Upton: Help protect your child's mental health

Upton: Help protect your child's mental health

May 14th, 2009 by Tabi Upton in Opinion Columns

A 16-year old struggles to break off a physically abusive relationship. A father faces the fact that his son's bipolar rages have become so intense that he will need to hospitalize him for a time. A mother realizes that due to lack of money, her only daughter will need to be placed in custody to receive the treatment she needs.

Working through the delicacies of a child's mental and emotional health issues is no small task. Though these examples thankfully are not the norm, they are not uncommon. Many families today face these challenges and more.

If you find yourself in a category similar to those listed above, rule No. 1 is: Do not panic. It is easy to become overwhelmed with feelings of unwarranted guilt, helplessness and fear when facing an unfamiliar or confusing situation. Pushing past these often paralyzing emotions, however, is essential to moving on to an active concern.

Second, determine to be persistent. Finding the right treatment facility, therapist and even social service to help your child often will require a process of trial and error.

Third, think holistically. Some children need to make friends to help themselves overcome feelings of sadness or being left out. Others need tutoring to help them settle down in school. All need good nutrition and a workable schedule to be productive throughout the day.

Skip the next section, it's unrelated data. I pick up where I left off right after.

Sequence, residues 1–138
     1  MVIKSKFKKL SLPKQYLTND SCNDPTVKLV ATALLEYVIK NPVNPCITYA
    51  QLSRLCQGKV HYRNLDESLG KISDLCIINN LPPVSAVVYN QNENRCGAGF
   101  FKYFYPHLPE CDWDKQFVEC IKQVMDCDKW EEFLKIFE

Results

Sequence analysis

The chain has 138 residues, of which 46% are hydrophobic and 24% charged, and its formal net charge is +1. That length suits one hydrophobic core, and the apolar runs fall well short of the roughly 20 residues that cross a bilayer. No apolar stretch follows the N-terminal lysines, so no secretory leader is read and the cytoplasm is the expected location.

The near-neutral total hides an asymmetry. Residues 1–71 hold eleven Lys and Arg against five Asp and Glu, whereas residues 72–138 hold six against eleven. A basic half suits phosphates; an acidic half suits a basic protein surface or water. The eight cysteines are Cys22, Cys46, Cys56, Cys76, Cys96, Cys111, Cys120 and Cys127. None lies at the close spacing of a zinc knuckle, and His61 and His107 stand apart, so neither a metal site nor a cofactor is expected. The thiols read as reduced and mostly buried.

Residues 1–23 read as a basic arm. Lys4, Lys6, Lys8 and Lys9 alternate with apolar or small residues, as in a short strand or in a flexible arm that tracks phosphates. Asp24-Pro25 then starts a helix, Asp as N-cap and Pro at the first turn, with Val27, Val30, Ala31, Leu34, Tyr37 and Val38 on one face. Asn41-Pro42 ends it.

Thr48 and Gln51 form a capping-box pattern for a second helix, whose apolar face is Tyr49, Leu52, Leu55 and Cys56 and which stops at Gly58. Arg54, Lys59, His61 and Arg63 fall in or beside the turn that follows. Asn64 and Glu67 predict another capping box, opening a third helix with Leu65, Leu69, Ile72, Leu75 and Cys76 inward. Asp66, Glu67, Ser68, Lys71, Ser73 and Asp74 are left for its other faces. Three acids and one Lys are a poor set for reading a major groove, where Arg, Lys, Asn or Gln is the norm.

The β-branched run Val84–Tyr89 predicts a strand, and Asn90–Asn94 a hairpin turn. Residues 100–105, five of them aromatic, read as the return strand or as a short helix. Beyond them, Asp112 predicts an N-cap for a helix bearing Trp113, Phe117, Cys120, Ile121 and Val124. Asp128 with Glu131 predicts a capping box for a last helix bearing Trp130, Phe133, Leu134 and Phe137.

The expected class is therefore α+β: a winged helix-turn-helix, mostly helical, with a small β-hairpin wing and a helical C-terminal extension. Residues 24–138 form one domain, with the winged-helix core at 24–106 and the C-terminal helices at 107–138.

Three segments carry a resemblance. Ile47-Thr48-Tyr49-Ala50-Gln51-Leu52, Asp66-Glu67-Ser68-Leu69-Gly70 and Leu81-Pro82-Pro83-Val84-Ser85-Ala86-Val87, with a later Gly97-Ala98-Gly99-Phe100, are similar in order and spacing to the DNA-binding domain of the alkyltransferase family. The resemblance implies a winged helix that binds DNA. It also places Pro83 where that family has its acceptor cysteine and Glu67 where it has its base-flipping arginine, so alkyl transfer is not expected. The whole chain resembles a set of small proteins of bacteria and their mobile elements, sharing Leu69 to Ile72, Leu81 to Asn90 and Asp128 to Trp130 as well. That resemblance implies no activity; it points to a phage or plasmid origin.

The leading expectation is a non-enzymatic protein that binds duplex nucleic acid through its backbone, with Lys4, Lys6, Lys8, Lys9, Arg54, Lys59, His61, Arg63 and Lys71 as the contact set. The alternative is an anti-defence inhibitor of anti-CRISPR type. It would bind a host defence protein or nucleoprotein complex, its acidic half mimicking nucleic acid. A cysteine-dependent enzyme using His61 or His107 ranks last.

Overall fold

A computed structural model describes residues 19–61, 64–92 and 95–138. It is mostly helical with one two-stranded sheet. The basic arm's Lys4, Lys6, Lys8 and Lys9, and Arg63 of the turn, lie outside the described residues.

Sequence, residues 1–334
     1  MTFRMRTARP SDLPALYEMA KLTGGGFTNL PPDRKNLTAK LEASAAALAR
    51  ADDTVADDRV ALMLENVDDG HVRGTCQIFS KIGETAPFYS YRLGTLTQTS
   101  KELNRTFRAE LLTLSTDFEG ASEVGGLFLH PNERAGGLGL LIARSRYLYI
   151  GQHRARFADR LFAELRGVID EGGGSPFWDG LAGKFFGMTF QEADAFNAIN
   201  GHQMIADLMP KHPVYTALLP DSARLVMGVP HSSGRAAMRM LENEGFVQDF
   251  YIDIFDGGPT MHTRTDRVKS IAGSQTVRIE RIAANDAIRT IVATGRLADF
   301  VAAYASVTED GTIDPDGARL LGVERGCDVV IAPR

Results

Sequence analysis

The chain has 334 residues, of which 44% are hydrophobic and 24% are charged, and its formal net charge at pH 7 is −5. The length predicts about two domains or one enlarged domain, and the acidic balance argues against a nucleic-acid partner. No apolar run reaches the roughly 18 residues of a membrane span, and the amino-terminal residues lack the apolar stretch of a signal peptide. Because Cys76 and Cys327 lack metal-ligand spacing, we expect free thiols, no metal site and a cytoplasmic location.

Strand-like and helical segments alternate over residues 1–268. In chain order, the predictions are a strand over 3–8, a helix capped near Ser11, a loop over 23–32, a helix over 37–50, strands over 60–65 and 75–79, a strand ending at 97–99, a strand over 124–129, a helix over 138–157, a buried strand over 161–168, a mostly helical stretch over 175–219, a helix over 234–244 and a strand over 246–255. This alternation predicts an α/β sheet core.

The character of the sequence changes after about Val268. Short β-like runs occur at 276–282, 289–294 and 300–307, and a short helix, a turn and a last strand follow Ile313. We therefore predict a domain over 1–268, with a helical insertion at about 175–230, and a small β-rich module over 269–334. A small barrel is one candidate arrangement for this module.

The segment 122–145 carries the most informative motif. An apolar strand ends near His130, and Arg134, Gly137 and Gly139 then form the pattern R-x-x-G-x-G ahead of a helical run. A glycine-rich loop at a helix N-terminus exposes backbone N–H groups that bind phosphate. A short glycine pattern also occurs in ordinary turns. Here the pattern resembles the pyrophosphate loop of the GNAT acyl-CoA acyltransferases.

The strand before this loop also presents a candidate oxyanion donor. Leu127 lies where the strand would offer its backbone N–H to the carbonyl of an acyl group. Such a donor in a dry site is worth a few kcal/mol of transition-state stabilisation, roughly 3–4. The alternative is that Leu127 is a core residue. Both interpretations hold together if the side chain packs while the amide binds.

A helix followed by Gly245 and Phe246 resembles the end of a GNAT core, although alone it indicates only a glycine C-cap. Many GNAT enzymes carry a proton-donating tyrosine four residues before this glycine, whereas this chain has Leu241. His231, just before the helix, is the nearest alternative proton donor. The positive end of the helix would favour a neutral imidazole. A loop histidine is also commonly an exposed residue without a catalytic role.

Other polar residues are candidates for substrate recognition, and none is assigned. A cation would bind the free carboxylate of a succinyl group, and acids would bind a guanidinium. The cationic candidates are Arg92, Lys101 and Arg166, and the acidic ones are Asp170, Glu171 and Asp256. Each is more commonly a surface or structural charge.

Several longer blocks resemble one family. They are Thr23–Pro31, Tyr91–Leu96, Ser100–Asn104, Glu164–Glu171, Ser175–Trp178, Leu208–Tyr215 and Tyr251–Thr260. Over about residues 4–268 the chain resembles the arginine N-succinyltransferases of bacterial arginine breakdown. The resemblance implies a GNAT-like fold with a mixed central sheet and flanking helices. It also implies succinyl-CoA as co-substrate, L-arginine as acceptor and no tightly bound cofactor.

The best treatment in the world won't ever substitute for a love-filled and nurturing environment. Lastly, make sure you get support for yourself. Having a child with an emotional or behavioral challenge can feel pretty lonely. If you don't know of a support group in your area for families like yourself, consider creating one.

Here are some tips from Mental Health America that every parent should do daily to help their little ones feel great about life.

Communicate. Spend time daily talking, sharing feelings, and listening to your child.

Give children unconditional love. Children need to know that they can't earn love nor can their behavior cause love to be taken away.

Nurture children's confidence and self-esteem. Praise and encourage often. Teach that failure is also a part of life and not the end of the world.

Encourage children to play. Play helps children learn creativity, develop problemsolving skills and self-control, and get along with others.

Give appropriate guidance and discipline when necessary. Be firm, kind and realistic with your expectations. The goal is to help the child learn self-control.

Provide a safe and secure environment. Fear can be very real for a child. When your child is frightened, find out why. Respond by being loving, patient and reassuring but not critical.

You should seek help if you see the following signs in your child.

A decline in school performance.

Poor grades despite strong efforts. Constant worry or anxiety. Repeated refusal to go to school or to take part in normal activities. Hyperactivity or fidgeting. Persistent nightmares. Continuous or frequent aggression or "acting out." Continuous or frequent rebellion and/or temper tantrums.

Tabi Upton provides therapy to individuals and families at Richmont/CBI Counseling Center. E-mail her at tabiupton@ bellsouth.net.